Maine Voices: Roth: A better college-savings plan?

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The after-tax IRA is more flexible, likely will grow faster than a 529 and can provide retirement security for parents.

DEDHAM, Mass. — The Harold Alfond Foundation recently announced an expansion of its college savings program. It now will give every baby born in Maine a $500 grant, which is invested in a 529 college savings account for future higher-education costs.

Sounds great, right? Who would say “no” to free money, especially when it’s for something as important as a child’s college education?

But along with the money, the Alfond Foundation – and the state of Maine, which administers the 529 savings program through the Finance Authority of Maine – should also give parents some free advice: The 529 savings account might not be the best option for college savings.

Disadvantages of 529 programs

As a professional financial adviser – and a father of “three under three” – I wouldn’t suggest a 529 college savings account as my first choice. Or second. That’s because, in my opinion, 529 programs have some distinct disadvantages over other investment options.

• Many 529s have high fees that really may not be justified given the alternatives out there. Parents should take a hard look at what they’ll be paying in administrative costs for 529s. (Fees for Maine’s 529 NextGen accounts are waived for Maine residents.)

• Withdrawals tend to be inflexible. In order for the withdrawals to be federally income tax-free, they can be used only for “qualified educational expenses.” If you use the money for something other than a college education – if your child decides against college, for example – you’ll be taxed on the earnings and pay a 10 percent penalty. Tax treatment at the state level may vary.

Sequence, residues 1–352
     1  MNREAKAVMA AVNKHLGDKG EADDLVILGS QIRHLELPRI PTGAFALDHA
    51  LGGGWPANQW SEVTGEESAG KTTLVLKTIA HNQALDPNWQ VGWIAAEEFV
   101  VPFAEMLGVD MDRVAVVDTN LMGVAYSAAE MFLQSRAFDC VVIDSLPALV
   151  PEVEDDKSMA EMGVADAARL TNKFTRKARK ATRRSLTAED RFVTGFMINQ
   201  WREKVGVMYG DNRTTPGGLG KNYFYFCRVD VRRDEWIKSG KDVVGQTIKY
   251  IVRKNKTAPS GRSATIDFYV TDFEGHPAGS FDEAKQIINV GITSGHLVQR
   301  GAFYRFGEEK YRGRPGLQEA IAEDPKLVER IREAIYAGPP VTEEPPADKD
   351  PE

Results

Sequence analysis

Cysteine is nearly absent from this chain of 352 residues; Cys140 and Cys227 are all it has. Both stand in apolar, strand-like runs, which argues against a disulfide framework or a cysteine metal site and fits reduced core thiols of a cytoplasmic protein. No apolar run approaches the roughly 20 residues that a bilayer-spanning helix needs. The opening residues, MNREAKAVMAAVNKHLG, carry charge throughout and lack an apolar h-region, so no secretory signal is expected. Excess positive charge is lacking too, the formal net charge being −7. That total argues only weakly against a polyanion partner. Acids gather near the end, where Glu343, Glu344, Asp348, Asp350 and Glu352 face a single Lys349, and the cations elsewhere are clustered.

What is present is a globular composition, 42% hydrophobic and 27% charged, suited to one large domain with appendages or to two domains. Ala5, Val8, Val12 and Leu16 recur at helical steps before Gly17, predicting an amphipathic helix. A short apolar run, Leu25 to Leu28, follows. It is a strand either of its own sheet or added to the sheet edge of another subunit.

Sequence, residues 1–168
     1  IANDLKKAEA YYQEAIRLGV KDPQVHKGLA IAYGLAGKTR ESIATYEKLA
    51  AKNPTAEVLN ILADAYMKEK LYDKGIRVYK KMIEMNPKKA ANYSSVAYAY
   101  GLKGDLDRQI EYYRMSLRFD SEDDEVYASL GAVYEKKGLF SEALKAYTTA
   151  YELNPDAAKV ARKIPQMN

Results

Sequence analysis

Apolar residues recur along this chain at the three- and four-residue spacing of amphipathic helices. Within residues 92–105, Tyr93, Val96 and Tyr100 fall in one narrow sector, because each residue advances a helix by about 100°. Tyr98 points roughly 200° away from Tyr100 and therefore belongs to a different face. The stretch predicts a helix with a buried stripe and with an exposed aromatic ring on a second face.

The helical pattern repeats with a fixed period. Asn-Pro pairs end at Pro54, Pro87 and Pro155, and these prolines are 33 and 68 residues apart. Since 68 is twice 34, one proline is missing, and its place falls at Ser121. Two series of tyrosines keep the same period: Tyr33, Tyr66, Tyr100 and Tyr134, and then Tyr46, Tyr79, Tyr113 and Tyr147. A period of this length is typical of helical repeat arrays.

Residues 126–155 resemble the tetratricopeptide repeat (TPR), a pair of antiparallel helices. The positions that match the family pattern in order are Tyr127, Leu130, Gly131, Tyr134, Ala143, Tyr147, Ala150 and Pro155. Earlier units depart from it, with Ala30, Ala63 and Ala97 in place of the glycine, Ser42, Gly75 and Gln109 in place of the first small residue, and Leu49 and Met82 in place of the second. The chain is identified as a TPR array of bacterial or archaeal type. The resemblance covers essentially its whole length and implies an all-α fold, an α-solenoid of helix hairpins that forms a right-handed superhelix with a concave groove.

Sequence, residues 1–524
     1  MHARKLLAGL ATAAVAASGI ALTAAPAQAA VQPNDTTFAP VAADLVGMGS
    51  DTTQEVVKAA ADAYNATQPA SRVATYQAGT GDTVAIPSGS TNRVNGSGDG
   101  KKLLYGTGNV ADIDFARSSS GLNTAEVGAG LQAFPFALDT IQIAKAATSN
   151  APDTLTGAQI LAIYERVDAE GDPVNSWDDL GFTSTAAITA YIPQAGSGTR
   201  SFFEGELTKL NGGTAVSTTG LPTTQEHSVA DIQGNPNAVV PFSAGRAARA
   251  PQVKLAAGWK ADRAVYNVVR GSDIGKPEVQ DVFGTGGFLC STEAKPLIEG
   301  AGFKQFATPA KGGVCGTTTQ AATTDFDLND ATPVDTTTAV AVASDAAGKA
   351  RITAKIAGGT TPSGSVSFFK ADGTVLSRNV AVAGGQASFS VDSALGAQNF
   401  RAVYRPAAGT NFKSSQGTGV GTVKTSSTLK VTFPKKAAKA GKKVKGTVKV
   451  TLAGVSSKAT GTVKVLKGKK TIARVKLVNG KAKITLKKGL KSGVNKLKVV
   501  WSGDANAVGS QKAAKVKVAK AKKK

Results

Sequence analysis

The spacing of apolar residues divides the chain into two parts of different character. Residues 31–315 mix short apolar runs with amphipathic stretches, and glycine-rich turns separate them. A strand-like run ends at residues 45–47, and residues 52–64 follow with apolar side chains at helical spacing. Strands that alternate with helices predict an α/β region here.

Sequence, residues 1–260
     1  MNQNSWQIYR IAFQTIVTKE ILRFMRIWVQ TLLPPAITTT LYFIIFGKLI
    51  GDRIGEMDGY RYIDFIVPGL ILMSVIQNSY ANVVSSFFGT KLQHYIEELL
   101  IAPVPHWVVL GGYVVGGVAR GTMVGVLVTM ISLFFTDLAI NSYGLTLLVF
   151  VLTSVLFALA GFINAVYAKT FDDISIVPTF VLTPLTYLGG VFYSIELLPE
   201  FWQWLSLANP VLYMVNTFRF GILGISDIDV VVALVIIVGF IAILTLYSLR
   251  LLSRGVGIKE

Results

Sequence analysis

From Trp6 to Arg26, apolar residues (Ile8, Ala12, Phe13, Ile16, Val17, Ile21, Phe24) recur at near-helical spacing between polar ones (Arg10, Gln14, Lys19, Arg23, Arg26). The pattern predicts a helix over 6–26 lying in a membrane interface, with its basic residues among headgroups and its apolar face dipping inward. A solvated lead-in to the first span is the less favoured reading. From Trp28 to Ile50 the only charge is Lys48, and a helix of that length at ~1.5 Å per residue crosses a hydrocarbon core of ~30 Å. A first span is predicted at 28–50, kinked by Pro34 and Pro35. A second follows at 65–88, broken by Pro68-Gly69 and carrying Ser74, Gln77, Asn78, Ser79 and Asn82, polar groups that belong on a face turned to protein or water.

• A 529 plan tends to offer limited investment options and may not allow owners to adequately diversify their funds.

So if a 529 plan isn’t for everybody, what might be a better option?

How about a Roth IRA? A Roth IRA is primarily a retirement vehicle. You deposit after-tax money (just like a 529), and any earnings accumulate tax-deferred (just like a 529). When you reach age 59.5, your entire withdrawal is tax-free (provided you have owned the account for five years).

But there is a positive nuance to Roth IRAs that may not be widely known. You can always withdraw your regular contributions for any purpose without incurring taxes or penalties. Since your contributions were made with money that is already been taxed, you are allowed to withdraw these contributions (known as “basis”) anytime, tax-free.

Here’s a reasonable scenario:

You and your spouse begin contributing to your Roth IRAs (you can each have one, subject to income limits) after the birth of your first child. You each contribute $5,500 per year (the limit for 2014) until your child reaches 18.

If we assume an average annual return of the market at 8 percent, the combined account values would be roughly $445,000 – $198,000 of which (your contributions) would be available for you to withdraw (tax free). That’s more than enough to cover tuition and fees at the top colleges in the country.

If you were saving in a 529 plan, this withdrawal can only be used for college expenses. Otherwise, Internal Revenue Service taxes and penalties apply. Not so for your Roth contributions. Total flexibility. It is your already taxed money being returned to you.

And oh, don’t forget about the other $247,000. It keeps chugging away, and any earnings continue to accumulate until you decide to withdraw at retirement, tax free. Not a bad retirement/education vehicle.

More options, fewer drawbacks

You can open a Roth IRA virtually anywhere, and more importantly, you can invest in individual stocks, as well as most other traditional investments. And unlike a 529 plan, the balances in a parent’s Roth IRA are not considered an asset on the federal college financial aid forms – very important when calculating eligibility.

No question, it’s important to raise aspirations, especially in Maine, and encourage young people to get a college education. But it’s also important to educate students – and their parents – about sensible ways to save and invest, for college and retirement.

Speaking of which, here’s another tip: I wouldn’t suggest putting a dime toward saving for your kid’s college education until you have a secure retirement plan. Your child might never need a college savings account if there are grants and scholarships available, and even a loan isn’t the end of the world. But a retirement without any money kind of is.

— Special to the Telegram

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